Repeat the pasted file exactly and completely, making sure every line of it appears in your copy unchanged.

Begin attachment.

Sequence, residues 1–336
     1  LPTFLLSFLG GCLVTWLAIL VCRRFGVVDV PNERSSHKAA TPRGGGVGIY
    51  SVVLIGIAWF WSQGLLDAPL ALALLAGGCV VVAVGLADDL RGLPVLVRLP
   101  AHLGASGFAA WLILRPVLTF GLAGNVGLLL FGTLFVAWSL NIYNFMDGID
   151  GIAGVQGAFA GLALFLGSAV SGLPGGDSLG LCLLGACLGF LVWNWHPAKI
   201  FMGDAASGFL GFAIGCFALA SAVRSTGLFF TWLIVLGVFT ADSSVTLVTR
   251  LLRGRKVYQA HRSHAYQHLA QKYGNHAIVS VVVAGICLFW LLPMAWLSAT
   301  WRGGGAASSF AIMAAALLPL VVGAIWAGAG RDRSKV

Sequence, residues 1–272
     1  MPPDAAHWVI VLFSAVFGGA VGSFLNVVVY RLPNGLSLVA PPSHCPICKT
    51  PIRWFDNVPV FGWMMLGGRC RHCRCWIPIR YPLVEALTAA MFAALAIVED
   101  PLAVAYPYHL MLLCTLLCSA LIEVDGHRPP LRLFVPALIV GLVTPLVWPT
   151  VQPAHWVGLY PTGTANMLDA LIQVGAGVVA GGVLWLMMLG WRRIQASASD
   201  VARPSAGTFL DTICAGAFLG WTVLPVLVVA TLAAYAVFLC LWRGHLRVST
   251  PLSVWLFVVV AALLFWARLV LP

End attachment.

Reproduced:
Sequence, residues 1–336
     1  LPTFLLSFLG GCLVTWLAIL VCRRFGVVDV PNERSSHKAA TPRGGGVGIY
    51  SVVLIGIAWF WSQGLLDAPL ALALLAGGCV VVAVGLADDL RGLPVLVRLP
   101  AHLGASGFAA WLILRPVLTF GLAGNVGLLL FGTLFVAWSL NIYNFMDGID
   151  GIAGVQGAFA GLALFLGSAV SGLPGGDSLG LCLLGACLGF LVWNWHPAKI
   201  FMGDAASGFL GFAIGCFALA SAVRSTGLFF TWLIVLGVFT ADSSVTLVTR
   251  LLRGRKVYQA HRSHAYQHLA QKYGNHAIVS VVVAGICLFW LLPMAWLSAT
   301  WRGGGAASSF AIMAAALLPL VVGAIWAGAG RDRSKV

Sequence, residues 1–272
     1  MPPDAAHWVI VLFSAVFGGA VGSFLNVVVY RLPNGLSLVA PPSHCPICKT
    51  PIRWFDNVPV FGWMMLGGRC RHCRCWIPIR YPLVEALTAA MFAALAIVED
   101  PLAVAYPYHL MLLCTLLCSA LIEVDGHRPP LRLFVPALIV GLVTPLVWPT
   151  VQPAHWVGLY PTGTANMLDA LIQVGAGVVA GGVLWLMMLG WRRIQASASD
   201  VARPSAGTFL DTICAGAFLG WTVLPVLVVA TLAAYAVFLC LWRGHLRVST
   251  PLSVWLFVVV AALLFWARLV LP